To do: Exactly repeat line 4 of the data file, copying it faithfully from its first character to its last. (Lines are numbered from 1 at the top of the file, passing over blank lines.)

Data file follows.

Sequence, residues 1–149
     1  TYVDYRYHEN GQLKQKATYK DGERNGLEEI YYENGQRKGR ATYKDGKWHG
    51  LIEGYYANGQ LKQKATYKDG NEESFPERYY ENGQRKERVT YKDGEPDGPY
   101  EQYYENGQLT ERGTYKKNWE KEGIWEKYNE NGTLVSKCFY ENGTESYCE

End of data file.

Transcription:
   101  EQYYENGQLT ERGTYKKNWE KEGIWEKYNE NGTLVSKCFY ENGTESYCE